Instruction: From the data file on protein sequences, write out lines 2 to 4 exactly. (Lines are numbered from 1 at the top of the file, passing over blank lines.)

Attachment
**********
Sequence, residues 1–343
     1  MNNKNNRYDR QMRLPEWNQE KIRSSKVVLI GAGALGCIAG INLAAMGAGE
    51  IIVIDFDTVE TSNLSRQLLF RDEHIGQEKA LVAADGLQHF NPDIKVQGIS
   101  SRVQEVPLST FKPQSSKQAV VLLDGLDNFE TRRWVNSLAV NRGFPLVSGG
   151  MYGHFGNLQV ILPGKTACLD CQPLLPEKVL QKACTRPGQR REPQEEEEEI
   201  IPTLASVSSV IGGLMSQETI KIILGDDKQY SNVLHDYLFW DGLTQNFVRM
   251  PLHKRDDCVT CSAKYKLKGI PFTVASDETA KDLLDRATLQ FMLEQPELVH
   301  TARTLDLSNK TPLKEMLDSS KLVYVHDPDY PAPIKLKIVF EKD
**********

     1  MNNKNNRYDR QMRLPEWNQE KIRSSKVVLI GAGALGCIAG INLAAMGAGE
    51  IIVIDFDTVE TSNLSRQLLF RDEHIGQEKA LVAADGLQHF NPDIKVQGIS
   101  SRVQEVPLST FKPQSSKQAV VLLDGLDNFE TRRWVNSLAV NRGFPLVSGG